As for getting 9 fruits and vegetables, it is easier than you think. The key is to make the fruits and vegetables the main part of your diet. If you focus on eating them first, you will find it easier to get them in. Also, pay attention to the serving size of fruits and vegetables. If you eat a large banana, you are eating 2 fruit servings. If you eat 1 cup of cooked broccoli, you are getting 2 vegetables servings.

Chelsea Curry:

Fruit juice is not the best choice for weight management. Just 4 oz of fruit juice (with or without added sugar) contains the same calories as a medium fresh fruit. The fresh version will be much more satisfying and provide fiber that will keep you full longer. Just remember, fresh is best! And finally, wine contains alcohol and is metabolized in the body similar to the way fat is metabolized. Therefore, a 6 oz glass of wine counts in one's diet plan as fat servings. On that same note, a 12 oz light beer and 1.5 oz of hard liquor also count as fat servings.

Coach_Eric:

My fiancee and I are planning on getting married in October, and we're both planning on losing weight and getting in shape for the photos. Any suggestions for best ways to accomplish this? I'm thinking some combination of weightlifting/cardio three to five times a week is best, but would welcome any suggestions for best ways to lose fat. Thanks!

Chelsea Curry:

Aerobic exercise like walking, jogging, biking, swimming, etc is best for losing weight because you will get the most calorie expenditure with aerobic exercise versus weight lifting. Lifting weights is wonderful for your bones and the more muscle one has, the more calories they burn at rest. With that said, since losing weight is your main goal, I recommend you focus your efforts on aerobic exercise to maximize your weight loss. Work up to 300 minutes of aerobic exercise a week and supplement it with 2 days of weight lifting. When a person is overweight, they have too much fat and muscle for their body. Therefore, it is completely normal for one to lose both fat and muscle when weight loss occurs. In changing your lifestyle to include physical activity, make sure you also monitor your food intake. Make changes you can continue doing into your marriage and forever. Temporary changes will result in temporary weight management.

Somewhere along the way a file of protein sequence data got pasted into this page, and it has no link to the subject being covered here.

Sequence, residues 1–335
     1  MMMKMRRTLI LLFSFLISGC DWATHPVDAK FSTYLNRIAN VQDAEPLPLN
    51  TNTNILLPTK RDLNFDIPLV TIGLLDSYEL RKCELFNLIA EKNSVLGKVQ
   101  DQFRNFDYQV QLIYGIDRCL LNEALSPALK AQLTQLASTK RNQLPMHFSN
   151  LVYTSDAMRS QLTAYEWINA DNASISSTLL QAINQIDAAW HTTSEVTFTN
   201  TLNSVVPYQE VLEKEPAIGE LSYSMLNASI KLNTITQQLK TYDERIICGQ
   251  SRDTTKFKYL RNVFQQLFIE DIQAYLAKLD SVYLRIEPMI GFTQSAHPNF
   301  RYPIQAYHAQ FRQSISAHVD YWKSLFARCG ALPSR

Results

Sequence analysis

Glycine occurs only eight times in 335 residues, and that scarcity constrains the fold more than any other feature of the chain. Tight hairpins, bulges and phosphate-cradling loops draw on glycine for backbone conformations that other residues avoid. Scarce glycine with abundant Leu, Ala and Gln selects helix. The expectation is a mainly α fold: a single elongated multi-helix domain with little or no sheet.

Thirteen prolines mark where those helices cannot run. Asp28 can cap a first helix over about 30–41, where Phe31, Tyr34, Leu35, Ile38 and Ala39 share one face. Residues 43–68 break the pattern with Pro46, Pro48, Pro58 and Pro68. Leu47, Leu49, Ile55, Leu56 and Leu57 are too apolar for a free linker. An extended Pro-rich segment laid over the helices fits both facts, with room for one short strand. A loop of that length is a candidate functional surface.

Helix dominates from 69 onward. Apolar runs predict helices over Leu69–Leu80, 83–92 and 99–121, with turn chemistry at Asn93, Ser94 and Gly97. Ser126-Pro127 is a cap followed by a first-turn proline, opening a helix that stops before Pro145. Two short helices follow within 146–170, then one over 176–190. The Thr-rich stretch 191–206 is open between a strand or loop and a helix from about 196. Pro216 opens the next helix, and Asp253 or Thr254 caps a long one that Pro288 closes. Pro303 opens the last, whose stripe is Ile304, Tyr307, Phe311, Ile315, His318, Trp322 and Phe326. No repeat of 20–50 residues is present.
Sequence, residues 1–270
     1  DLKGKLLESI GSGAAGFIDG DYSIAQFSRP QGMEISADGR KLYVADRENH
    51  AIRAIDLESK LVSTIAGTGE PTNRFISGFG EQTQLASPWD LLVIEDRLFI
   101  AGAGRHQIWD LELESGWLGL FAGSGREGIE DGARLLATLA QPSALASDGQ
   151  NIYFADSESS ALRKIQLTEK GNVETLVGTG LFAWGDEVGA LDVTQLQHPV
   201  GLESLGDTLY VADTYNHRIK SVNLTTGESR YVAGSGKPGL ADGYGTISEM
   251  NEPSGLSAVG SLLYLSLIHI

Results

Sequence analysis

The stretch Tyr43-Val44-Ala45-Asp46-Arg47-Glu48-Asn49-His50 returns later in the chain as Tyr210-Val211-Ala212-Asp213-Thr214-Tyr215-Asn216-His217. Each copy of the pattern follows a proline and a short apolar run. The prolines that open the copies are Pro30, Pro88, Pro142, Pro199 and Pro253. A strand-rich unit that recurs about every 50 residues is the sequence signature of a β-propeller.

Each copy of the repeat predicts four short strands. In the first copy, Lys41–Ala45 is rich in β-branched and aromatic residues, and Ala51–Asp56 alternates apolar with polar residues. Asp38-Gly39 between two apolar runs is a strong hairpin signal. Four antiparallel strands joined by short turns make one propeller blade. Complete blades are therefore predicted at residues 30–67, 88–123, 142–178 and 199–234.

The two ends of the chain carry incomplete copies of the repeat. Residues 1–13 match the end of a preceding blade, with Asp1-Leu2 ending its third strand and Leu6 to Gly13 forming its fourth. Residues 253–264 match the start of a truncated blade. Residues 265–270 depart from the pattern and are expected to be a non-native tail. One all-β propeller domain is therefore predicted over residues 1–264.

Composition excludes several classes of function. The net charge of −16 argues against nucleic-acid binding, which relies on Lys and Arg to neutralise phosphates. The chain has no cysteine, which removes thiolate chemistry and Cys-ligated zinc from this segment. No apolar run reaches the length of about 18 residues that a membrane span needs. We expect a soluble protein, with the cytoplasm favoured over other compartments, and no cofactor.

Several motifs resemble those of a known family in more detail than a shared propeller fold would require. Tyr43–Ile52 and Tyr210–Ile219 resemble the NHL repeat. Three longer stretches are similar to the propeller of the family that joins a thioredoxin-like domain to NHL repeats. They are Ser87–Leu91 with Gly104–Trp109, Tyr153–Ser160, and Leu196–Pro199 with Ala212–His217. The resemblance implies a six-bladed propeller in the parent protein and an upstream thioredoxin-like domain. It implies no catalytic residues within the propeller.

midwest_wingnut:

I try not to go to extremes with my diet (ie no high-protein, low-carb or vice versa fad diets). Is there a standard for healthy daily percentages of carbohydrates, proteins and fats?

Chelsea Curry:

Good idea not to go to extremes on your diet. Extremes tend not to last very long which in turn can lead to weight regain. As for healthy daily percentages, aim for 55% of your daily calorie intake to come from carbohydrates, 30% or less from fat, and 15% from protein.

Moderator:

We have time for one more question today.

lmenke:

It seems I try to start on a weight loss and exercise program this time every year only to lose interest in a couple of months. Do you have any tips for helping me stick with it?

Chelsea Curry:

My first tip is to find something you like to do to be more active. Like I said before, you can increase your calorie expenditure with planned exercise (going to a gym, walk outside, etc) and/or with increasing the calories you expend to get from one place to another. No one will continue choosing to do something very long if they don't like doing it. Try new and different fruits and vegetables. I find a lot of people think they don't like eating healthy, low-calorie foods, but most of the time they haven't even tried them. And finally, make small healthy changes to your lifestyle that you can maintain for a lifetime. Remember, if you don't like it, you won't continue to do it and if you don't continue to do it, you won't reap the benefits of those positive health changes you started.

Moderator:

Thanks, Chelsea, for coming in today and answering our readers' questions. Good luck, everybody, with your New Years diets!

Chelsea Curry:

Yes, good luck and remember...you control everything you eat and the activities that make up your day. Just do it!